A group of highly sophisticated state-sponsored hackers is spying on the Israeli military by hacking into the personal Android phones of individual soldiers to monitor their activities and steal data.
A newly released research by Lookout and Kaspersky suggests that more than 100 Israeli servicemen from the Israeli Defense Force are believed to have been targeted with spyware. Dubbed ViperRAT, the malware has specifically been designed to hijack Israeli soldiers’ Android-based smartphones and remotely exfiltrate data of high value, including photos and audio recordings, directly from the compromised devices.Read more
Researchers here at the RSA Conference demonstrated a way a hacker can bypass enterprise mobility management sandboxing tools known as Android for Work that are designed to segregate work and personal data on Android devices.
Researchers showed how two separate malicious apps can circumvent Android’s multiuser framework designed to secure a work profile from a personal profile on a single device. The prerequisite of the attacks hinge on a targeted victim downloading apps in their personal profile that grants attackers heightened privileges over the device’s Accessibility Services and Notification permissions in both work and personal profiles.Read more
Android-targeting banking Trojan Marcher is on the rise, infecting devices via a phishing attack using SMS/MMS, gaining extensive privileges, displaying an overlay window to your banking app and collecting all your data, all the while successfully avoiding your antivirus apps.
It all starts with a phishing attack using SMS or MMS, with the messages including a link leading to a fake version of a popular app, such as WhatsApp, Runtastic or Netflix, to name a few. The link, however, doesn’t lead you to the good old Google Play Store, which is safe for the most part, but to a third-party app store. Of course, this doesn’t work if you don’t have the option selected from your phone’s security settings.Read more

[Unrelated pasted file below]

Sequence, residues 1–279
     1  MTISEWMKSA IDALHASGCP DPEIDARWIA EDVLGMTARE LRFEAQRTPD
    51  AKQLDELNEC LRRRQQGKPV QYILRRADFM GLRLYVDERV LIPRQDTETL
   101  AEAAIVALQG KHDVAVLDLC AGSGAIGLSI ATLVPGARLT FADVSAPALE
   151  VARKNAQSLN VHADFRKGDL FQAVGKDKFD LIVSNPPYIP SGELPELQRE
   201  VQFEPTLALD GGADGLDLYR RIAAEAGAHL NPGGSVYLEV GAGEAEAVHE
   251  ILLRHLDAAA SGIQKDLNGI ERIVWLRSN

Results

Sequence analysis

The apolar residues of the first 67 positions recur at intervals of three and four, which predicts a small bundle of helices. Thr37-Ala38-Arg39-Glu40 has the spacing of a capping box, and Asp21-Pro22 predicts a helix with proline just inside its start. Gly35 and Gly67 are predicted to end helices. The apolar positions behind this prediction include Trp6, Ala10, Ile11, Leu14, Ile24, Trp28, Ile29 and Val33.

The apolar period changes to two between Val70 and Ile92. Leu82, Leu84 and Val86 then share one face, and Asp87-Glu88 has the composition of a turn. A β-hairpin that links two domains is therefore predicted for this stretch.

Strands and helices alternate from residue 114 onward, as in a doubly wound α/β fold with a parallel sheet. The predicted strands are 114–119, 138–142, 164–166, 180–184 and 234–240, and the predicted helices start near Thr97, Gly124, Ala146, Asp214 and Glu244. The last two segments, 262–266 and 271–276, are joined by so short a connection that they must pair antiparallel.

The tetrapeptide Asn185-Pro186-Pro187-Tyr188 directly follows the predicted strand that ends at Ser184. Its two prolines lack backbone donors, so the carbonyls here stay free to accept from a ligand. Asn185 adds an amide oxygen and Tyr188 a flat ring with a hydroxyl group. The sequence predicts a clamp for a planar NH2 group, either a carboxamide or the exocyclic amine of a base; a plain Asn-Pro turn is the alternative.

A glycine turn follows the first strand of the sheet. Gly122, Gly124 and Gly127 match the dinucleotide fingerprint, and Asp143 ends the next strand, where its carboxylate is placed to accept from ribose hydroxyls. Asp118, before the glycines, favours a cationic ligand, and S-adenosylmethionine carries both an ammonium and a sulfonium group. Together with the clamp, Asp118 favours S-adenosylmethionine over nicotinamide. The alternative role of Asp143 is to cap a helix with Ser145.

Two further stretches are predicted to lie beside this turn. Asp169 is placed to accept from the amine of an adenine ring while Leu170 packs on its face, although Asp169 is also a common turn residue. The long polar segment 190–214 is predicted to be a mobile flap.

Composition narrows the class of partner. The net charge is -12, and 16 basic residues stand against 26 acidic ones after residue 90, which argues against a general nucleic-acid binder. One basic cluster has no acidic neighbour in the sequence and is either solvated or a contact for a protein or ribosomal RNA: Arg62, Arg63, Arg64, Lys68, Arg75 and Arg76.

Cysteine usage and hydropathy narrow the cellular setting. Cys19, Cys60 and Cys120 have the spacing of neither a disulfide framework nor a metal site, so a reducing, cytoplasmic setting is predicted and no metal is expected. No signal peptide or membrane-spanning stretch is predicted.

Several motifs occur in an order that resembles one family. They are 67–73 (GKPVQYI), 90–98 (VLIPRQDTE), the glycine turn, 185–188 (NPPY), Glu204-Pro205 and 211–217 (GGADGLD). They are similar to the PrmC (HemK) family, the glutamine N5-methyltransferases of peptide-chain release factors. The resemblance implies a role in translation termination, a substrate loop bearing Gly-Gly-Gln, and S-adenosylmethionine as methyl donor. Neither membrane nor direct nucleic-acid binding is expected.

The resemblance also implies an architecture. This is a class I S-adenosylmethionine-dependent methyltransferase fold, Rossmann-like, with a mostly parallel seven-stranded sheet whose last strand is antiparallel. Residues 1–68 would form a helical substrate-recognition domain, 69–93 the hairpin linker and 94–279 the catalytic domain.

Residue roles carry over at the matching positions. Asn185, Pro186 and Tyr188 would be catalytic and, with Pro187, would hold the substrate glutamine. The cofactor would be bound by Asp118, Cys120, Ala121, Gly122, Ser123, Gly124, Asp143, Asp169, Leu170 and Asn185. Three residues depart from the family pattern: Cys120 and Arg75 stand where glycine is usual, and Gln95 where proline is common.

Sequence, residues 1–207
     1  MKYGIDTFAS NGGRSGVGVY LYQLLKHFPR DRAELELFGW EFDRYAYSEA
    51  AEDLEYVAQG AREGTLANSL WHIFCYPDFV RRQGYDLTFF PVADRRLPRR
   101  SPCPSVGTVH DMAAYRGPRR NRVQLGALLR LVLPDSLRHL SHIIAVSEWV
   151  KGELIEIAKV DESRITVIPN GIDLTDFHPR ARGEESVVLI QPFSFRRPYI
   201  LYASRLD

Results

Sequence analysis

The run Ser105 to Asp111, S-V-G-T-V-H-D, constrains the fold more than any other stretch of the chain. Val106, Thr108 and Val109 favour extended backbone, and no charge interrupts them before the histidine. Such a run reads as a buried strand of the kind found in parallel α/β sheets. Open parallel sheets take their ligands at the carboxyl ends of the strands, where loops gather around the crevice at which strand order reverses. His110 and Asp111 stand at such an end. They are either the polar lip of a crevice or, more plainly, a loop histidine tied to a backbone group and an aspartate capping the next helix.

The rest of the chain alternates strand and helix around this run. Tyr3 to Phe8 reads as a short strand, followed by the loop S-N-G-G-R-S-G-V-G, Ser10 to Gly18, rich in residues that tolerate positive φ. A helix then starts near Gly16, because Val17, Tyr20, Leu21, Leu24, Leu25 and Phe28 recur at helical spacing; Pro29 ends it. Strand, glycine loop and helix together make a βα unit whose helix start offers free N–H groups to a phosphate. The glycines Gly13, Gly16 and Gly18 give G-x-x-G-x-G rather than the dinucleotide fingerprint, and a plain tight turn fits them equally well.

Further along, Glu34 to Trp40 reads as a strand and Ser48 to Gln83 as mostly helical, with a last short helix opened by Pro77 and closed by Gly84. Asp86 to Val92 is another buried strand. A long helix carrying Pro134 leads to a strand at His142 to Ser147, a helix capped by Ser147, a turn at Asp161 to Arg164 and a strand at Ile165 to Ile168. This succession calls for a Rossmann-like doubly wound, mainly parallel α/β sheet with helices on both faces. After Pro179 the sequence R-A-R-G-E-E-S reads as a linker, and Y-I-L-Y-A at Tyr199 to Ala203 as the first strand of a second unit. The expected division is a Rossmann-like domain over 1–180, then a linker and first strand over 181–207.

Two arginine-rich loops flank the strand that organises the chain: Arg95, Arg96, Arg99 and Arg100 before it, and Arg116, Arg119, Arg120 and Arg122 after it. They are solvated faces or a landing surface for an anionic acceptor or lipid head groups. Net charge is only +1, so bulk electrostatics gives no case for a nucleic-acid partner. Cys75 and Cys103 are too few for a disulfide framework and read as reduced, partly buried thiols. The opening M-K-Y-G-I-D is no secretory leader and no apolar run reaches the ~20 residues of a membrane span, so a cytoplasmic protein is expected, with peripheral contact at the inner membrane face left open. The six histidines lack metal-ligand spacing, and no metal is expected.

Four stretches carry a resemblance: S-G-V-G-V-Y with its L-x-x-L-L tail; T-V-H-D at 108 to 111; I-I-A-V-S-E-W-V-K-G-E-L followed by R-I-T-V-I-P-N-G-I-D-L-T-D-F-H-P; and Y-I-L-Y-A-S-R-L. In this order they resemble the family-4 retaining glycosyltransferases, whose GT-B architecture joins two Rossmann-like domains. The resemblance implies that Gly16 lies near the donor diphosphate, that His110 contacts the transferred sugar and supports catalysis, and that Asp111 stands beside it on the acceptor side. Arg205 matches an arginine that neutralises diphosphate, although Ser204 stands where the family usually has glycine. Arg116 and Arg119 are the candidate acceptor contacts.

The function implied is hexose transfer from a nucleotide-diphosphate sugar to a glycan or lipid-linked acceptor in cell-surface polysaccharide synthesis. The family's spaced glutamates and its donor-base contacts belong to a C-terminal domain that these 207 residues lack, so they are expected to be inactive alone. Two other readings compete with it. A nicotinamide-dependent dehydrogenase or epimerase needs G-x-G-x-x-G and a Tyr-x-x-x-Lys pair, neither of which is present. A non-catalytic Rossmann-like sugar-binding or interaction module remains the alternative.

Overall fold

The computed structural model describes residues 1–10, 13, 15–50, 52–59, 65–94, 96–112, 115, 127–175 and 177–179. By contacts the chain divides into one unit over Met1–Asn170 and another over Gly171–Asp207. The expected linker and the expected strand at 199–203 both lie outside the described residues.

Donald Trump's phone use is raising security concerns among a pair of senate Democrats. Sens. Tom Carper and Claire McCaskill sent a letter last week to Secretary of Defense James Mattis about whether the president is using a secure device to make calls and post tweets.
The senators, who both service on the Homeland Security Committee, worry that an unsecured device could be vulnerable to hacking, posing a national security risk. "Public reports originally indicated that President Trump began using a 'secure, encrypted device approved by the U.S. Secret Service' prior to taking office," the senators wrote in the letter, which was made public Monday.Read more
The use of droppers to infect devices with ransomware has spread to Android, Symantec security researchers warn. The use of a dropper to deliver malware on Android is a new technique, although it is a very popular one when it comes to malware for desktop computers.
Furthermore, researchers say, the actors using it have also implemented a 2D barcode technique meant to help them receive payment from victims, but they did this ineffectively. Spotted about a year ago, the Lockdroid ransomware was designed to encrypt user files and perform other nefarious activities as well. It requests device admin rights and, if the user grants them, it can also lock devices.Read more